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Dealing With Loss

By Edward A. Rinderle
Posted: 09/30/2023

On the morning of Sunday, July 30, 2023, my dear wife, Jean, died suddenly.    

Six weeks have gone by since that tragic event.  During those days, I have struggled to cope, to survive, in the hope that some day I will be able to move on.  Through my efforts, and with the support of my family, friends I have known for many years, and new friends at Pasadena Village, I have identified a few ideas that have helped.  I offer them in the hope that you, too, will find them helpful should you ever be confronted with a similar tragedy.  

Don't rush into trying to do too much too soon.  Slow down.  Give yourself time.  And try to be patient.

Lean into your grief.  By that I mean let it come, feel it fully.  How?  Try talking to your deceased loved one out loud.   I give Jean a running account of my day as it happens.   It makes me feel like I am sharing the day with her.  I look at her pictures, the wall hangings she purchased, her stuffed animals, all of the reminders of who she was, and I feel her presence.  And sometimes I cry.  It's OK to cry.  Crying is part of the healing process. 

Talking out loud also helps me to focus.  As I navigate through my usual routines, I sometimes find myself forgetting something along the way.  Or I forget whether I've done something or not.  Talking to myself aloud helps me remember.  And I often end up laughing at myself.  Yes, it is OK to laugh.  Just as crying can help you heal, so can laughing.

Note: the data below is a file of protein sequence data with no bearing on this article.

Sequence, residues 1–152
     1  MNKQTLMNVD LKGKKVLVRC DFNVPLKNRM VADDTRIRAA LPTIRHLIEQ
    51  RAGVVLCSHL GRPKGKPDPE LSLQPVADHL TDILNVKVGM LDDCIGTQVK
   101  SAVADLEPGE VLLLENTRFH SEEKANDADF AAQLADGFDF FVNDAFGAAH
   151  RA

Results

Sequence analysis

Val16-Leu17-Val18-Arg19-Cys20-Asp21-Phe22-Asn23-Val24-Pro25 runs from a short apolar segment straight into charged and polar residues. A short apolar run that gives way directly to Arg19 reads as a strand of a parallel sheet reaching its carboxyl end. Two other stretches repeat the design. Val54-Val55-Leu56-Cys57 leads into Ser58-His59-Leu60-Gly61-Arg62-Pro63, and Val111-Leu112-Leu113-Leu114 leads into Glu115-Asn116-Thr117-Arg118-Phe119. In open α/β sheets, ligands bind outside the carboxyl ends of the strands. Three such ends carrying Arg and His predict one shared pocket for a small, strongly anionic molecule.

Talking to myself is particularly important to me when I've driving.  If I feel my mind wandering, I blurt out “Focus, Ed.  Focus!”  And I snap back to attention.

Balance your time to grieve with time to do the things you love.  For me, the things I love include reading, fiddling with my fantasy baseball team, taking walks.  And even though Jean is no longer with me, I continue to go to Peet's for coffee about three times a week.  

Socialize as much as you can without violating your time to grieve.  See family and friends, in person or via the phone.  Dare to seek new friends via activities within the community.  Pasadena Village is a excellent source of such activities.      

Even simple interactions help.  When running an errand, visiting a doctor, or  taking a walk, try saying more than just “good  morning” to whoever you meet.  When I do so, I almost always get a friendly response.  Practicing these kinds of interactions gives me a lift and makes me feel more like a part of the community of humanity.  

Ask for help.  Seek help from both family and friends, and within the community.  The opportunities are there.  Make use of them.   And if someone invites you to “call anytime”, by all means do it.  

Engage with nature.  On your walks, take in your surroundings.  Look and see, listen and hear, sniff and smell, touch and feel.  The world in your neighborhood is full of wonders.  

Listen to music.  Soothing music helps me relax.  Triumphant music gives me the strength to work through my grief.  I prefer classical music, but the music world offers many choices.  Listen to your favorites.  But listen.  Even the sad numbers can help you grieve.  

As you read my list above, please remember that I am a novice at this grieving process. I am barely beginning.  But perhaps some of my thoughts will help you as they have helped me. 



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